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Re: Virus Linked to Prostate Cancer
 
Hveragerthi Views: 1,573
Published: 9 years ago
 
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Re: Virus Linked to Prostate Cancer


Human papilloma virus has already been linked to a number of cancers including cervical, skin, nasopharyngeal, prostate and breast cancer. Now it appears that there may be a second candidate for a human breast cancer virus.

http://cancerres.aacrjournals.org/cgi/content/abstract/34/9/2322

 

Evidence in Favor of the Existence of Human Breast Cancer Virus

 

The existence in some women of a virus that is related to the mouse mammary tumor virus is evidenced by the following. Type B particles are occasionally found in human milk. A complication is the fact that most human milks destroy or damage the murine, mammary tumor virus (MuMTV) and its RNA-directed DNA polymerase (RDDP) when the mouse virus is added to the human milk. Human milk presumably has the same effect on any human RNA virions present. RDDP is found in many human milks although because of the destroying factors (not present in mouse or cow's milk), its presence usually depends on the freshness and/or amount of destroying factors in human milk; RDDP is associated with particles having the same buoyant density as MuMTV (1.18 to 1.22 g/ml versus 1.15 to 1.17 g/ml for leukemia viruses). RDDP is associated with a 35 S or 70 S RNA which is a characteristic of RNA tumor viruses. Human RDDP responds to magnesium ions for activity with a synthetic template, polyribocytidylic·deoxyguanylic (12 to 18 nucleotides long), in agreement with MuMTV, whereas mouse leukemia virus RDDP responds to manganese ions. Hybridization studies indicate a relationship between MuMTV RNA and human breast cancer RNA. (Using the S1 nuclease treatment and most stringent procedures, the RNA from 8 out of 22 human breast tumors hybridized from 18 to 77% of the MuMTV DNA probe; none hybridized with Mason-Pfizer monkey virus probes.) Using the migration inhibition factor test, positive responses of human leukocytes to homologous in situ breast cancer tissue are correlated with responsiveness to MuMTV. Many human sera completely neutralize MuMTV. (The neutralizing activity resided in the globulin fraction, was absorbed by RIII milk, but was not absorbed by MTV-free C57BL milk.) Some human breast cancer patients' sera containmaterial that precipitates specifically on the membrane of budding MuMTV virions as demonstrated with peroxidase-coupled anti-human globulin. Slices of mouse tumors rich in MuMTV react, in immunofluorescence tests, with sera from some women with breast cancer or fibrocystic mastopathy.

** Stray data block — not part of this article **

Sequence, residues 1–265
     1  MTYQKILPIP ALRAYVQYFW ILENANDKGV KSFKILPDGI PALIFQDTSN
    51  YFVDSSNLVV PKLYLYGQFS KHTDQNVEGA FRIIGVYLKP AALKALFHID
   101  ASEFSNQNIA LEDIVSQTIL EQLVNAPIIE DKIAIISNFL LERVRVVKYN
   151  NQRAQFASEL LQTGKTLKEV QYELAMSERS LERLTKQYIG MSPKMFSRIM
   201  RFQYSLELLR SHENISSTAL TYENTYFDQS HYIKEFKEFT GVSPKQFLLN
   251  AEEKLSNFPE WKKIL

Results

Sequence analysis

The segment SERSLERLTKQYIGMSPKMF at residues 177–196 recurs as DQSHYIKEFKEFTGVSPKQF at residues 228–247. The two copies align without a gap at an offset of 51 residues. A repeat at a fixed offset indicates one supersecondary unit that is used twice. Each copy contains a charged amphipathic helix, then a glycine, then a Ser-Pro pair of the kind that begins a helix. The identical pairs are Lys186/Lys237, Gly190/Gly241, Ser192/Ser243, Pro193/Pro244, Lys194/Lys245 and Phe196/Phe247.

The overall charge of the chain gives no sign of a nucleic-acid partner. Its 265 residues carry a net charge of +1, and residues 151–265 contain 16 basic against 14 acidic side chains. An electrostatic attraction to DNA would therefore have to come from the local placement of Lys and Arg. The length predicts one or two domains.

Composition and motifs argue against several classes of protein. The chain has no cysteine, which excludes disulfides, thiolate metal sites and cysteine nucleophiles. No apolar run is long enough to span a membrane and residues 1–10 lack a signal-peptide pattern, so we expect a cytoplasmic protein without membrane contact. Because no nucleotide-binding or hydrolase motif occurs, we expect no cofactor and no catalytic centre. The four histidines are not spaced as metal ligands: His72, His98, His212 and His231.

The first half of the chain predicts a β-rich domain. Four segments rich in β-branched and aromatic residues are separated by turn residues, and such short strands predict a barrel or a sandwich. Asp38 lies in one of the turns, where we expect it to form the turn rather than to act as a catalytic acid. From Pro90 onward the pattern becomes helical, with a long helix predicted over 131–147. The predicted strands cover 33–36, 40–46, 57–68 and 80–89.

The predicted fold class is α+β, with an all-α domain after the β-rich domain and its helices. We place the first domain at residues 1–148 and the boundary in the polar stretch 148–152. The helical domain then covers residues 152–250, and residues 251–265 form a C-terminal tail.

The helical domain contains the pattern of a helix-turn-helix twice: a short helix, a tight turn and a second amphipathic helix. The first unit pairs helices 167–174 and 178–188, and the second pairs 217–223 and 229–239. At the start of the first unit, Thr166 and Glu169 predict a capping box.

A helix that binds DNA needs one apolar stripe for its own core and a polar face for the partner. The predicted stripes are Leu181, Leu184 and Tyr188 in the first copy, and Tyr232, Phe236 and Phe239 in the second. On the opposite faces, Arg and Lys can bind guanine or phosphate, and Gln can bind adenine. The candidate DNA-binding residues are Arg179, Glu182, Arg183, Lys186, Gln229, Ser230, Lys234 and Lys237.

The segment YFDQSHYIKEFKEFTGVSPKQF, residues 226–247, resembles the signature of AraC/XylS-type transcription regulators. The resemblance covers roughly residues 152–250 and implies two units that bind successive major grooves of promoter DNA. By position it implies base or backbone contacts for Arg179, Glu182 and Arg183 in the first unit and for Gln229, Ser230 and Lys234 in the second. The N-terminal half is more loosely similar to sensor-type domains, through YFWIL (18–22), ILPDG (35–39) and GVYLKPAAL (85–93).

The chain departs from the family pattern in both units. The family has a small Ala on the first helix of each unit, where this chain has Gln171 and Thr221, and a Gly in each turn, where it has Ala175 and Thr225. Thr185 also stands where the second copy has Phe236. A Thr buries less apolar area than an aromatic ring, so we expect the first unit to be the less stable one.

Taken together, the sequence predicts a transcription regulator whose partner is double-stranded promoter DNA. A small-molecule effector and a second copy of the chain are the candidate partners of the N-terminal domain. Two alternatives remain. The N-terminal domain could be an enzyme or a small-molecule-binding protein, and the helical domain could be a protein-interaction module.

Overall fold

The means of virus transfer (route of infection) in humans remains unknown. RNA sequences homologous to MuMTV probes are found in human breast cancers, but to date no homologous DNA sequences have been found. The virus does not seem to be endogenous in humans. This study was conducted under USPHS Contract NO1-CP-33339 within the Virus Cancer Program of the National Cancer Institute; Grant CA 08740 from the National Cancer Institute; General Research Support Grant FR-5582 from the Division of Research Facilities and Resources; and Grant in Aid M-43 from the State of New Jersey.

 

 

 

 
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